This article was originally published in August 2014 edition of GreeneSPEAK!
|The newly named Messenger Building was featured in a full page illustration in Caldwell’s Historical Atlas of Greene County, 1876. Of particular interest is the basement Barber Shop at the corner of High and Washington, and its proprietor, Ermin Cain, Waynesburg’s Underground Railroad Station Master. (Source: Caldwell's Atlas of Greene County, Pennsylvania, 1876)
Best known today as Mickey’s or the former Army-Navy Store, the Hays-Hamilton-Messenger Building is the most significant of Waynesburg’s remaining pre-Civil War buildings, second only to the Court House and located in the same block. As early as 1804, the first Post Office in the town and county was on this site in the home of John Wilson. It is probable that Wilson’s small brick house is part of the building that exists today.
In September 1849, it hosted the first classes of Waynesburg College while the school’s first building, Hanna Hall, was erected. In the same decade before the Civil War, a barber shop in the basement was headquarters of Waynesburg’s Underground Railroad. According to oral tradition, a tunnel running under the building was used by escaping slaves.
During the Civil War, military recruits reported to the second floor of the building to begin their service. At war’s end, on July 4, 1865, the building hosted a gala banquet for 400 returning veterans and their families. At that time, it was known as Hamilton House.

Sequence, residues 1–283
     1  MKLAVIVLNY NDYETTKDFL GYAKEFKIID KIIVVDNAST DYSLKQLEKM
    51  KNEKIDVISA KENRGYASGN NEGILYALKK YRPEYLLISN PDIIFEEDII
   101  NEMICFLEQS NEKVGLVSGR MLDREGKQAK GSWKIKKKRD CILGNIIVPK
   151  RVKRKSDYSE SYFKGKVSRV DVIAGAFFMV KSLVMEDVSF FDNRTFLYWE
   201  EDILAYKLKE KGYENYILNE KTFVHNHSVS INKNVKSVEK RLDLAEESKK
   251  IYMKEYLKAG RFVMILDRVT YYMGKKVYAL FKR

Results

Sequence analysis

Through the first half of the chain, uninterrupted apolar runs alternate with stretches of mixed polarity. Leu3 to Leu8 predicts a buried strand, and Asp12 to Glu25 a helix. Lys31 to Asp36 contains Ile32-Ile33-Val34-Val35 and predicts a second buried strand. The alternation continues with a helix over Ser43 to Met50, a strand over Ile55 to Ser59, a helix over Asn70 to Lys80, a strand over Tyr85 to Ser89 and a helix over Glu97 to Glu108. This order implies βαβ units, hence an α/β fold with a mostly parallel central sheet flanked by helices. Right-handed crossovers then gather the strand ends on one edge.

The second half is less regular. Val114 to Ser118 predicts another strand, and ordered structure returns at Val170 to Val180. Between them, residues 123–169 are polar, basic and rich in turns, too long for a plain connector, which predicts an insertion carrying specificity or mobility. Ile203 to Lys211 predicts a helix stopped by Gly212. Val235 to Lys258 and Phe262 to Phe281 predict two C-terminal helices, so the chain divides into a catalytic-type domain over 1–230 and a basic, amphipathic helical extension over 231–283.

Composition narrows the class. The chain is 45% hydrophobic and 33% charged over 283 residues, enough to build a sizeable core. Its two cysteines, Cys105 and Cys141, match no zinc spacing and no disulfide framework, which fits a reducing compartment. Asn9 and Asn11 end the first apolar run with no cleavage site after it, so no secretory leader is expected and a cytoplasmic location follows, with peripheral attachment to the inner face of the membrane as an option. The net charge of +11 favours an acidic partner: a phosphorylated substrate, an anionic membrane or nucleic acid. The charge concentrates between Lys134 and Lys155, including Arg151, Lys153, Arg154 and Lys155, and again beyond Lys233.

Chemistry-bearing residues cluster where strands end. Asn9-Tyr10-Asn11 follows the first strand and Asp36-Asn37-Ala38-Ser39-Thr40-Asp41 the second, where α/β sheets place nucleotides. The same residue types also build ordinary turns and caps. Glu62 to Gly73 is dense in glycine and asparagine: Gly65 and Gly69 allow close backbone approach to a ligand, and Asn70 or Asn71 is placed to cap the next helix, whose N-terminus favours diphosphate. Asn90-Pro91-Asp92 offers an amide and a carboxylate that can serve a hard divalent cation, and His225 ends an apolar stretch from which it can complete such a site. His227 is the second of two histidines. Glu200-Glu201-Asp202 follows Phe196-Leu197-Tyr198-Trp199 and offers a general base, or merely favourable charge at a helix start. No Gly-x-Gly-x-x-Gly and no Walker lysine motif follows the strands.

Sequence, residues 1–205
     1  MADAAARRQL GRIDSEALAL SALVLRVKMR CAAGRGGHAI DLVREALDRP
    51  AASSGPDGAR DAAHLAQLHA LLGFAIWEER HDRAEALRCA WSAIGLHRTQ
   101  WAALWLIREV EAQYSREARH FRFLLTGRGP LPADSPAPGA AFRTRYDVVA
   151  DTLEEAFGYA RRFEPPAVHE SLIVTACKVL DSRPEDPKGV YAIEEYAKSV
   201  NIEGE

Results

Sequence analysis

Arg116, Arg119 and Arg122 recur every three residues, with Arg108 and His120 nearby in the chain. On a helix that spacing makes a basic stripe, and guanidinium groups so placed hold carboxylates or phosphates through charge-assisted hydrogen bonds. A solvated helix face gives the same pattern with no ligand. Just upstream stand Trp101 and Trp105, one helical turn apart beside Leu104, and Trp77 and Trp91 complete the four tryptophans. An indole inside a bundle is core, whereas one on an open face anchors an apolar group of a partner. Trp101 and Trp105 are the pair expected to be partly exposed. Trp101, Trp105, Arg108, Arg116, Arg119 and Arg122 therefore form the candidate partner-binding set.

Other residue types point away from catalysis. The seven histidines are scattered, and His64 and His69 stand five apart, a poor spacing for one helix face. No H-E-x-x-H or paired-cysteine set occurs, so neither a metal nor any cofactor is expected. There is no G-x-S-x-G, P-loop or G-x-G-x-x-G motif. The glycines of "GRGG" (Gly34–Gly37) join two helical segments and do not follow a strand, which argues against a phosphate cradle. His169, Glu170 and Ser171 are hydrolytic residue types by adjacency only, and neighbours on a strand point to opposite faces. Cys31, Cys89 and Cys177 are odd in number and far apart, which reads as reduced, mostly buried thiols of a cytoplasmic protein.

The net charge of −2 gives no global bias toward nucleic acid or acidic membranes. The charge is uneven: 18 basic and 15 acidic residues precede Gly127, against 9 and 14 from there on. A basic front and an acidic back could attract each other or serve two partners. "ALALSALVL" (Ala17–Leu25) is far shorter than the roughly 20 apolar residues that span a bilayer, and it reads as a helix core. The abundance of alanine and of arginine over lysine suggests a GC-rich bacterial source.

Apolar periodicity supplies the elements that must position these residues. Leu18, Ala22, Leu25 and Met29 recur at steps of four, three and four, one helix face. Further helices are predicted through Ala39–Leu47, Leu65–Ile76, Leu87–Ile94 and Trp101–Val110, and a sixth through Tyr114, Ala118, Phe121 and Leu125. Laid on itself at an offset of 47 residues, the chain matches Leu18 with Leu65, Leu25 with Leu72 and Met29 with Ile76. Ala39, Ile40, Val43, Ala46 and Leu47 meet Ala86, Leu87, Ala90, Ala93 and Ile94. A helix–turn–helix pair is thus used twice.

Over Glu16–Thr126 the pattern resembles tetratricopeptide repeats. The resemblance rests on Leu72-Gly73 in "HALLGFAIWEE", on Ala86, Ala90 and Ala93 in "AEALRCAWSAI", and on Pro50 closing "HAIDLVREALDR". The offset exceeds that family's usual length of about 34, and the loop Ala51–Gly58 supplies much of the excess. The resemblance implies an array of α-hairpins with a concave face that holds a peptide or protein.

In 1875, William Thompson Hays Pauley, owner and editor of Greene County’s oldest newspaper, The Waynesburg Messenger, attached a large frame addition for his office and printing plant. It was called the “Messenger Building,” a name that soon spread to the rest of the building. The following year (1876), both exterior and interior views were included in Caldwell’s Historical Atlas of Greene County. The frame addition was demolished in 1987.
In the 1920s, the building changed again with the addition of a leaded glass frieze and marble wainscoting in the Art Deco style. Since 1887, prominent retailers who have occupied the corner storefront have included E. L. Denny Hardware, Barney Grossman (“the king clothier”), Harrison & Cohen and the Army and Navy Store beginning in 1937.
The Hays-Hamilton-Messenger Building is significant as a remaining—and increasingly rare—example of early 19th century architecture in Western Pennsylvania. There were at least four major phases of construction before 1876. It started out as a small, 2-story, 3-bay house, built at the same time as the first brick court house, ca. 1800. Brick has always been the prevalent building material on High Street. As early as 1799, a potter was living and working on High Street, making bricks for the new town.
In the 1820-30s, as the town’s economy grew, key buildings surrounding the court house were expanded to accommodate court and retail business or to provide shelter and meals for those who could not travel to and from the county seat in one day. This first wave of growth included the John Wilson house when it was inherited by his daughter Sarah and her husband, William Thompson Hays. They added 5-bays and an extra story to create a monumental Federal design adorned with characteristic triple windows in the center of the upper facade and gable curtains at either end of the roof connecting pairs of chimneys.
The town’s next major building boom happened in 1850-51 when the current Court House and Hanna Hall were constructed at the same time by the same craftsmen. These skilled bricklayers and carpenters also erected a major hotel addition for the Hays Building that included brick walls visible today along North Washington Street and a distinctive cross-gable on the High Street façade.
In summary, the Hays-Hamilton-Messenger Building has been an important anchor structure in Waynesburg for more than 200 years. It’s witnessed a lot of local history.